Until this day Mapanje does not know why he was detained for almost four years, why he was cut off from his family and friends, kept in conditions worse than criminals in most prisons, subjected to constant humiliation, and exposed to filthy, starvation diet. He still has to speculate, as he and his colleagues did those years in prison, because nothing was written down, nothing was arrived at as a result of discussion, subject to law or obligation of government. For the ‘Leader’ like Banda, actions need not be guided by reason and rumour, fantasy and whim had the same weight as facts.

Perhaps a colleague was jealous of Mapanje’s reputation as an internationally recognized linguist and poet; perhaps a student made advances and was rejected; perhaps a fellow academic misinterpreted one of his poems or lectures. In a system like Banda’s Malawi the process by which Mapanje would be condemned is well known: the rumour would be passed up a chain that led to Banda’s inner circle, and then to the ‘Great Bull Elephant’ himself.

Once a lowly subject came to the attention of his Eminence, his or her fate was sealed. Mapanje mentioned the Kadzamira family, which wrapped itself around the Life President like a shroud. His grotesque mistress, Cecilia, was alleged to have banned the song Cecilia from being played on the radio, because it offended her. For a man with such power and pettiness to be subjected to influences of utter triviality meant that no one in the country was safe.

It should not, however, be assumed that human beings reduced to inessentiality by such corrupt power succumbed, submitted, or allowed themselves to be crushed. Many ‘civilized’ people, accustomed to the luxuries of modern existence, would not last a week in a prison with no change of clothing, running water, electricity, prepared food, exercise, beds, chairs, desks, computers, papers, pens, or books. They would not survive the mosquitoes, roaches, filth, stench, and weather.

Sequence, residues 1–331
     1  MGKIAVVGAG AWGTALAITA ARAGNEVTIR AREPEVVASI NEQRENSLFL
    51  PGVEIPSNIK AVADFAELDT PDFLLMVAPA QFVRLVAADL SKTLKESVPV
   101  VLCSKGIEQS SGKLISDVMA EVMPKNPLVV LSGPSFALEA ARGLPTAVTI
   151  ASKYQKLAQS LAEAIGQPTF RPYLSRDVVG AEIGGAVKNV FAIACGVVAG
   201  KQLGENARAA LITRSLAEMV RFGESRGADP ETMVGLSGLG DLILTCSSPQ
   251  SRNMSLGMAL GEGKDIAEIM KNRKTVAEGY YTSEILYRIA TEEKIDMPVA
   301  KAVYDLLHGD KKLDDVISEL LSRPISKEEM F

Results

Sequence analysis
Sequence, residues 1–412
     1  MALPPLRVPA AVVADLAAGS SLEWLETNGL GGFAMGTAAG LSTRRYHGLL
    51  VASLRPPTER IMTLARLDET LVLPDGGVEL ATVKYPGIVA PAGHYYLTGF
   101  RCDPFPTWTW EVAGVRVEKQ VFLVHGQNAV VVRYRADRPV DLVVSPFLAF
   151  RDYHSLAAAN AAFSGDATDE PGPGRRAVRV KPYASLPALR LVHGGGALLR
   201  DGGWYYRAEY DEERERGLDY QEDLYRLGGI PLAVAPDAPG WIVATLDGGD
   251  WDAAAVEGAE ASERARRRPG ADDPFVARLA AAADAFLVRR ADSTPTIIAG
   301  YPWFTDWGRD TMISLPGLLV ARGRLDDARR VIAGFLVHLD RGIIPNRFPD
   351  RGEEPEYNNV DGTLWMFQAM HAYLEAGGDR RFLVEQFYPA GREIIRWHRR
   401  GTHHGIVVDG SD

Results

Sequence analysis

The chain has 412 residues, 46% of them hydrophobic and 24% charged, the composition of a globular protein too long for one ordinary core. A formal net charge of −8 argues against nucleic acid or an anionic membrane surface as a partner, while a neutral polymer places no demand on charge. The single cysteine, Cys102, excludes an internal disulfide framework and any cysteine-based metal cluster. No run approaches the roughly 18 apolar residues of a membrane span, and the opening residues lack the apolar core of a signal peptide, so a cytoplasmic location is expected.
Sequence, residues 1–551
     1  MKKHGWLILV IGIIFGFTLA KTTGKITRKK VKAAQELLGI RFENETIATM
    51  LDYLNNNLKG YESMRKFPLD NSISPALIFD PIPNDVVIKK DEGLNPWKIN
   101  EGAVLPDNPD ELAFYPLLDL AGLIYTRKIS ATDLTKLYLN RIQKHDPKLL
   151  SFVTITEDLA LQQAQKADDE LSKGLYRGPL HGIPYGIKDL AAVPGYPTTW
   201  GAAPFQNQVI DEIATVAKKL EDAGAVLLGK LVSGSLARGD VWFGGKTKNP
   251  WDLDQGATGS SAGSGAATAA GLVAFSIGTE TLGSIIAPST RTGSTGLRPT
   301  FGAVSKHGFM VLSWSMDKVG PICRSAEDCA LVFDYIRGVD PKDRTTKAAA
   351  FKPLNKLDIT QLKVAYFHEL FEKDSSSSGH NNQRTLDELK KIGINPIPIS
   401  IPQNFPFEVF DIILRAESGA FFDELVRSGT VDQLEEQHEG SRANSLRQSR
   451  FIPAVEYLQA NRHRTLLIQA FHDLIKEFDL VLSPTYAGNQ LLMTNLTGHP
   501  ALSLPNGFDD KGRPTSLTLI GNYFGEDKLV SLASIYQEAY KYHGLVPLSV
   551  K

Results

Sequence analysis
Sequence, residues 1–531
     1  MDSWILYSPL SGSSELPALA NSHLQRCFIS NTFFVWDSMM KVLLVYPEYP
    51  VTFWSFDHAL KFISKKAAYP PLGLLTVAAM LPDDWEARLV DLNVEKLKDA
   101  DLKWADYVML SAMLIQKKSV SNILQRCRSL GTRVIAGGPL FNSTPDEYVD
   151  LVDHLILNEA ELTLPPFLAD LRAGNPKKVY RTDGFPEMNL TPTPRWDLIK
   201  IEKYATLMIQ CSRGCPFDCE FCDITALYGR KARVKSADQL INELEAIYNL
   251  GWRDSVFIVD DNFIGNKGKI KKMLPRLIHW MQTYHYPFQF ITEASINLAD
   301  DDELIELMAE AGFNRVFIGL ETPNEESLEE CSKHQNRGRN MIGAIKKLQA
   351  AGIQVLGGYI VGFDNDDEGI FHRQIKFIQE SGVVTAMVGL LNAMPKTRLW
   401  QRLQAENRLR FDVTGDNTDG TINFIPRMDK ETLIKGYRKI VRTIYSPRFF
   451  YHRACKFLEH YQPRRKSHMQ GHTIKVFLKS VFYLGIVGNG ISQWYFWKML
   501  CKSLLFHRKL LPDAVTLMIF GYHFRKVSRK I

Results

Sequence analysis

Mapanje and his friends survived, however, whereas Banda, who expected them to die in prison, did not. The author found inmates who were courageous and resourceful, who found the means to resist. They found ways to contact people outside, who brought their fate to Amnesty, the universities, and churches, and hence to the Western public, which put pressure on their governments, otherwise well- disposed to Banda and his primitive anti-communism.

This book is a lesson to those who might find themselves in similar circumstances, to know that no situation is hopeless, that no Great Man is immune to resistance. In their minds Banda and his inner circle were Omniscient, Omnipotent and untouchable. In their psychosis men like Mapanje and his comrades were cockroaches, insects who should be eradicated. Since they were subhuman, it was not necessary to think about their families and friends suffering at home.

While we applaud these brave men and women who suffered much and survived, we should never forget those ‘Unique Miracles of the Twentieth Century, who gloried in their grotesque fantasies of omnipotence, and were paranoid about the ‘insects’ they despised.  We should not forget the brave men and women who responded to their cries and gave them hope. And we should not forget the panderers of ‘human rights’ who gave comfort to the Tyrants and condemned their victims, with complicity or indifference.

AND CROCODILES ARE HUNGRY AT NIGHT by Jack Mapanje, Ayebia, Banbury, 2011, pp. xi, 435